The Army did a credible job of containing and partially defeating both these insurgencies, but was not allowed to go the whole hog. The Rangers' operation in Karachi was not allowed to expand into interior Sindh, and such operations were not allowed to even touch the Punjab. The obvious fear was that certain insurgents taken alive would have proved the existence of a nexus between the insurgency and looted wealth on the one hand, and between these insurgents and certain political leaders on the other. Thus in order to save their skins, certain political leaders threw their lot with the enemies of the state, against the state and its armed forces.

In so doing, the governments of Sindh and Punjab, and the government at the center, became abettors of the insurgents, and an impediment to the successful prosecution of the war effort.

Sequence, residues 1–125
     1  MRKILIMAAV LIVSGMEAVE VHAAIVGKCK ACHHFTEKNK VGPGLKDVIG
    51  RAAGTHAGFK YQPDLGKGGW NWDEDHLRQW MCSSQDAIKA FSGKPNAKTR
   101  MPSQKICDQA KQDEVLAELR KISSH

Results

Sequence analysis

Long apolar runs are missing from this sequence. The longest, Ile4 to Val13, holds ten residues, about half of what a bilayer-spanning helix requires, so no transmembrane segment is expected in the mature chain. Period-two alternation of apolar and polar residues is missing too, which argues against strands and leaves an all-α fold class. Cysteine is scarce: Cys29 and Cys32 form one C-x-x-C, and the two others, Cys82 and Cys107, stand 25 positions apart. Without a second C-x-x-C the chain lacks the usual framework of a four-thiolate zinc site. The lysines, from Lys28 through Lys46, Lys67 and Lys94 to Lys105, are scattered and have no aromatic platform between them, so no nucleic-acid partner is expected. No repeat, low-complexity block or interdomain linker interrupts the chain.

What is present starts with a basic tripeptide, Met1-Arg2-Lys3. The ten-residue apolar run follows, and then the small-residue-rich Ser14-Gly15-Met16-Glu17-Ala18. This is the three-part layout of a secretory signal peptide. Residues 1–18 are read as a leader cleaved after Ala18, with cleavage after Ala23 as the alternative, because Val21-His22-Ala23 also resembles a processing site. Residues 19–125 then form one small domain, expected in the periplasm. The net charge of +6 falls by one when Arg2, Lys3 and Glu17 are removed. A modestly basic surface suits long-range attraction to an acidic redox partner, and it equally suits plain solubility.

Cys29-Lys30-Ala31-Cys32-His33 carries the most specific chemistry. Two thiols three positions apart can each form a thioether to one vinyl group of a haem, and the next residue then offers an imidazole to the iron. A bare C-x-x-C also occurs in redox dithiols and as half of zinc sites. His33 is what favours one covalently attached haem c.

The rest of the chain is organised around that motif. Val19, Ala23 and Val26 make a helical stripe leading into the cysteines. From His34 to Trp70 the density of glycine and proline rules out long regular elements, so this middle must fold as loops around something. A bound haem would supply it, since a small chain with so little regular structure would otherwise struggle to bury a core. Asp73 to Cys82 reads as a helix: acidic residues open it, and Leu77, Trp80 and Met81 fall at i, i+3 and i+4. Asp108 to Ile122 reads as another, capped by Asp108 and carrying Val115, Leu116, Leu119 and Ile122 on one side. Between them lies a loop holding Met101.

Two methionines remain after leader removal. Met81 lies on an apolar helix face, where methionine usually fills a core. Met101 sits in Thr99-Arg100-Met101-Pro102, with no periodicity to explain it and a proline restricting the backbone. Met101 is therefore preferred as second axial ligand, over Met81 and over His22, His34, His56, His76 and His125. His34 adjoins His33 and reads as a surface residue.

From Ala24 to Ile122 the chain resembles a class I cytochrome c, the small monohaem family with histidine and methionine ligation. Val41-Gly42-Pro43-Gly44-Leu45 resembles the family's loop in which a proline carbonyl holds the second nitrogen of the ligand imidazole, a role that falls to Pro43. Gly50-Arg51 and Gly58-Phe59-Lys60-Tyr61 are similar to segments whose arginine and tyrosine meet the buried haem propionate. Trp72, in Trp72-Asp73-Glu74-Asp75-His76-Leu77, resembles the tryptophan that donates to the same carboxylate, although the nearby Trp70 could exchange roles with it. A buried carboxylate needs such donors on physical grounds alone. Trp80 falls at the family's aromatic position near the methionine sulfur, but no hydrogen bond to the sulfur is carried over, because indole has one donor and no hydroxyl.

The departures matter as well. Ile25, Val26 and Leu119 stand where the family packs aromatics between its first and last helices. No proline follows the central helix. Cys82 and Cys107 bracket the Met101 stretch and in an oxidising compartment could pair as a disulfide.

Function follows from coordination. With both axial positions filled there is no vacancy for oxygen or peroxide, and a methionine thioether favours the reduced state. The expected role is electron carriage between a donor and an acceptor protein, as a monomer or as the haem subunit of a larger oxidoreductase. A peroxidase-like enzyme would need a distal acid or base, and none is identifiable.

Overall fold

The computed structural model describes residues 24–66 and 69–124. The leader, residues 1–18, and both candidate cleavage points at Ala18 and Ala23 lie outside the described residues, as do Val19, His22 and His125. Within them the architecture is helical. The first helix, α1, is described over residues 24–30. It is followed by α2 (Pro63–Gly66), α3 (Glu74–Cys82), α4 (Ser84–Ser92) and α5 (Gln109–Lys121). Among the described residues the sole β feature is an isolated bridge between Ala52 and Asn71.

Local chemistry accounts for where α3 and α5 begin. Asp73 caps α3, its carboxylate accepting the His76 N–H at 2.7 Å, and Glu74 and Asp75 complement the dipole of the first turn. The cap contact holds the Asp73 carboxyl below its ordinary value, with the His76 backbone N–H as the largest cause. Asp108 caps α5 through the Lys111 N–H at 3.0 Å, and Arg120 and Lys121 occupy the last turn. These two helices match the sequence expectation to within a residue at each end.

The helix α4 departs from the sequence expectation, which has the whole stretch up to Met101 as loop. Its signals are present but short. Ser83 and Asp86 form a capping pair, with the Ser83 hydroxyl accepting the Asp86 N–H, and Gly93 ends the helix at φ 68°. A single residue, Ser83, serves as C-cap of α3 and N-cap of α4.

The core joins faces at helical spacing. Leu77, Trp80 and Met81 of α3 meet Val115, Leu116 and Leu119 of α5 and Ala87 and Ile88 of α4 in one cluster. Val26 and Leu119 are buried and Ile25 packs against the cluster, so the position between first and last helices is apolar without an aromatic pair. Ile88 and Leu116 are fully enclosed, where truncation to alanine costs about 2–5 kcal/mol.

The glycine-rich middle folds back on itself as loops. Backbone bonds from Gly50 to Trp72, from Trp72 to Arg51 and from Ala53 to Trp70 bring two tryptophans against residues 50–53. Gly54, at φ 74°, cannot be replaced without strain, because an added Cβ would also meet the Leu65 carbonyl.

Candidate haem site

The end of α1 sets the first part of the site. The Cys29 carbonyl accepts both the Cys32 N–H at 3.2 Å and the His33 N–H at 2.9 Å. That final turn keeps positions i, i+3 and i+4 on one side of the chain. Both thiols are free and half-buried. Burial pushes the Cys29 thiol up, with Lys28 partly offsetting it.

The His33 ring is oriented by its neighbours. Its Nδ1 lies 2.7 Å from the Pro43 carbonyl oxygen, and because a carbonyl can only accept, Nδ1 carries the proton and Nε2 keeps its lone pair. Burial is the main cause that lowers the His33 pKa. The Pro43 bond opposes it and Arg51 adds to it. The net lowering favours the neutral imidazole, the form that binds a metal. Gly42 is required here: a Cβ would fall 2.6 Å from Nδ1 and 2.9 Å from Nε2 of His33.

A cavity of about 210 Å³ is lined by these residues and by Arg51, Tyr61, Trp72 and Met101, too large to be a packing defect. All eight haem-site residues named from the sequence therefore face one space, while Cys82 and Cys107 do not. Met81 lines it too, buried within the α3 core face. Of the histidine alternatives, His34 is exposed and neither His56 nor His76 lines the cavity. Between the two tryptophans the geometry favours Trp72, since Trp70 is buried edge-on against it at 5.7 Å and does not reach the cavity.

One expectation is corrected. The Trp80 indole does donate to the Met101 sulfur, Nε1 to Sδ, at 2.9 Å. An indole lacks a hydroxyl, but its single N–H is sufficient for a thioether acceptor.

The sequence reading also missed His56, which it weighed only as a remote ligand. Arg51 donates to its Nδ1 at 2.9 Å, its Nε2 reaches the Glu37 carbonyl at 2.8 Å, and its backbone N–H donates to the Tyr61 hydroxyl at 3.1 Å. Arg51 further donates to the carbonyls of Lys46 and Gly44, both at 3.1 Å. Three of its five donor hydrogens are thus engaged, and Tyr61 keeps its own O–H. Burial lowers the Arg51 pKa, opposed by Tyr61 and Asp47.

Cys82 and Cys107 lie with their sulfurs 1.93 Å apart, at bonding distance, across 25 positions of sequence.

In a time of war all persons who assist the enemy are declared enemies of the state. If caught, they are tried and shot for the crime of treachery. But our constitution has been so amended that it now affords complete immunity and freedom from accountability to chief criminals of the state, so that they have colluded to take down the state. Here the constitution in its present form, by virtue of the 18th Amendment, is shorn of checks and balances on the executive, and thus can be manipulated to stand against the higher interests of the state, when the executive chooses to stand against such interests. In the hands of a criminal executive, it favours criminals because the basic assumption on which constitutions are based i.e that those elected to govern will stand with and for the interests of the state, has proved to be a flawed assumption in our case. Those who govern us would rather subvert the interests of the state to their own.Thus the constitution, with checks and balances on the executive eradicated, has virtually ended up giving protection to those who have hollowed out the state and sold it.